The Vagus Nerve (Cranial Nerve X)

The vagus nerve is partially responsible for parasympathetic control of the heart, lungs, and digestive tract[1]. The parasympathetic nervous system is more commonly referred to as the “rest and digest” state of the body. This is on contrast to the sympathetic nervous system, which is responsible for the “fight or flight” state of the body[2]. The vagus nerve leaves the medulla oblongata and travels down the neck, chest, and finally the abdomen[1]. It comprises 80% to 90% of afferent nerves containing mainly sensory information about the body’s organs to the central nervous system (CNS)[3]. The vagus nerve doubles as a sensory and motor nerve.

A few responsibilities of the vagus nerve include controlling heart rate, sweating, movement of muscles in the mouth, including speech, and satiation following food consumption[3].

The Glossopharyngeal Nerve (Cranial Nerve IX)

The ninth cranial nerve is both a motor nerve, carrying afferent and efferent motor information, and a sensory nerve[1]. Afferent means it is traveling from somewhere in the body to the brain.This only motor function is to elevate the pharynx[2]. The sensory aspect of the glossopharyngeal nerve comes from the pharynx, tonsils, middle ear, and posterior third of the tongue[2]. The ninth cranial nerve is responsible for the carotid sinus reflex. Sensory fibers receive information from the carotid bodies to detect blood pressure in the sinus of the carotid[2]. If there is pressure applied to the carotid artery, then the body reacts by lowering its blood pressure[2].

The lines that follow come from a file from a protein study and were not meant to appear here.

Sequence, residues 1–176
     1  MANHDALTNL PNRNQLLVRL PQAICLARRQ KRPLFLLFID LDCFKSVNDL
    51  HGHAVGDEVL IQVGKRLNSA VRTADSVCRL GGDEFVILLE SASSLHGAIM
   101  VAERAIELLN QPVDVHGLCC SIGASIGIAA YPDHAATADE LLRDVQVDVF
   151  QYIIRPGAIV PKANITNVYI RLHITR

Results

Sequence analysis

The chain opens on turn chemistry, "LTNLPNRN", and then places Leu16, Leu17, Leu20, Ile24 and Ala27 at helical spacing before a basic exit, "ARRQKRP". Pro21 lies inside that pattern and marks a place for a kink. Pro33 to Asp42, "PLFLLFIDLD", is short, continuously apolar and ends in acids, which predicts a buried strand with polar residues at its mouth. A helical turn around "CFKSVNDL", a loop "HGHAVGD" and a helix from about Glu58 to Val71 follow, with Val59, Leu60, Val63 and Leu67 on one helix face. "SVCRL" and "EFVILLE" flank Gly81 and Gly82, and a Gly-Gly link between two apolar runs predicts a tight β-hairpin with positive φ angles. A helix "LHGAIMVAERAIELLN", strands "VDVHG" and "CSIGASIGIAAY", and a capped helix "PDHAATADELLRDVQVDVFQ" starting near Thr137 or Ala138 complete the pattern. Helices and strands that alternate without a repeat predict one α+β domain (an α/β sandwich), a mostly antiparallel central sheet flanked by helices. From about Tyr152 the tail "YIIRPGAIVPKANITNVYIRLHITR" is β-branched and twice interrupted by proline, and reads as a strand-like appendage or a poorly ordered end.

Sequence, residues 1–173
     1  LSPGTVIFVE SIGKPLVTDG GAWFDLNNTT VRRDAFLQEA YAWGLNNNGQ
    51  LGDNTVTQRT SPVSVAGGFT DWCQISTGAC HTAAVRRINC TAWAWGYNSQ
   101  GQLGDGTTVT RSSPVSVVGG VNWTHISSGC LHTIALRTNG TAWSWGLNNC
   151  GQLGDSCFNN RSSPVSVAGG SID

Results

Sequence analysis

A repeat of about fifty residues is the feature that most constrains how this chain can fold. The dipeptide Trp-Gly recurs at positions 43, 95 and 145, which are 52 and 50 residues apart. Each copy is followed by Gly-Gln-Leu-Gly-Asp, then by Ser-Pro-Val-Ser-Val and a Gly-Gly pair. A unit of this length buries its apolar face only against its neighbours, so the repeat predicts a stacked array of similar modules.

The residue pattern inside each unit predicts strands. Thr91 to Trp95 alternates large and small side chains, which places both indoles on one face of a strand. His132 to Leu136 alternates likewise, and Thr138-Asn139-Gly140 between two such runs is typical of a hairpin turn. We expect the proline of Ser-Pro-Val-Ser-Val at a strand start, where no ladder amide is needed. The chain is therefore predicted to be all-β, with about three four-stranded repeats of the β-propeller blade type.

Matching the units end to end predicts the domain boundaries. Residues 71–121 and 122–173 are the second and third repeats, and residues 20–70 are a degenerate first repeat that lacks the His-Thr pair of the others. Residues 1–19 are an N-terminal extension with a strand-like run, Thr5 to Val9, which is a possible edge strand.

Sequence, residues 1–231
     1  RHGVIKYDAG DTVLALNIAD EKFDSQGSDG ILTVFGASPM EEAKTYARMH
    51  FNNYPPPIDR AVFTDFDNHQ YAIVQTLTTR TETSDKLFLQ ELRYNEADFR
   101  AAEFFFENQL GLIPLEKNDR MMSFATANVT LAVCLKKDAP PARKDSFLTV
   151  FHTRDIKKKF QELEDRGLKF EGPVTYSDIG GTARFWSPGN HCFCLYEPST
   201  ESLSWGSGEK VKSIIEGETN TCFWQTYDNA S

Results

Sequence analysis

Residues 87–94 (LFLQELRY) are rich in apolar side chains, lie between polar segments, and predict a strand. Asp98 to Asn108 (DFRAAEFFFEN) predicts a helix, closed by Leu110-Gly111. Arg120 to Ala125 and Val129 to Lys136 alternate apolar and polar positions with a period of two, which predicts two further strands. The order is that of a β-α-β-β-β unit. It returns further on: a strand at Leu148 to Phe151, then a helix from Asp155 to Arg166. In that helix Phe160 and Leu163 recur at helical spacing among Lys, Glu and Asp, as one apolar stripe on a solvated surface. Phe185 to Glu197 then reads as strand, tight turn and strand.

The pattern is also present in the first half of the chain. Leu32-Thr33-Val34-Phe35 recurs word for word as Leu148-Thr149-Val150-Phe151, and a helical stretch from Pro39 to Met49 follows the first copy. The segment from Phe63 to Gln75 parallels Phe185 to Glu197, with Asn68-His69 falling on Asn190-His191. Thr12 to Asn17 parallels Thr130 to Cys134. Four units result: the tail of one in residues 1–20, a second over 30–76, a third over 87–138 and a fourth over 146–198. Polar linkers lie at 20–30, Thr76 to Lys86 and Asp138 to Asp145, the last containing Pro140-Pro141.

The Vestibulocochlear Nerve (Cranial Nerve VIII)

The vestibulocochlear nerve is also known as the auditory vestibular nerve. It transmits sound and equilibrium (balance) information from the inner ear to the brain[1]. The eighth cranial nerve splits into the cochlear nerve and the vestibular nerve. This is a primarily sensory nerve[2]. The vestibulocochlear nerve allows us to sense sound, gravity, and body rotation[2]. If a person’s eighth cranial nerve is damaged they may experience a vertigo, hearing loss, or a false sense of movement[2].

The Facial Nerve (Cranial Nerve VII)

The seventh cranial nerve comes from the pons of the brainstem[1]. The facial nerve is responsible for facial expression and conveyance of taste sensation for the front two thirds of the tongue[1]. This is both a motor and sensory nerve[2]. Facial nerve testing can be done by showing your teeth, puffing your cheeks, wrinkling your brow, frowning, and closing your eyes tightly[2]. Essentially, this nerve controls all the funny faces you can make!

The Abducens Nerve (Cranial Nerve VI)

The sixth cranial nerve is the abducens nerve. This nerve is a somatic efferent nerve, otherwise called a motor nerve[1]. The abducens nerve is responsible for innervating the lateral rectus muscle which laterally moves the eyes[2]. The sixth cranial nerve runs a lengthy path from the pons, in the brainstem, to the eyes[2].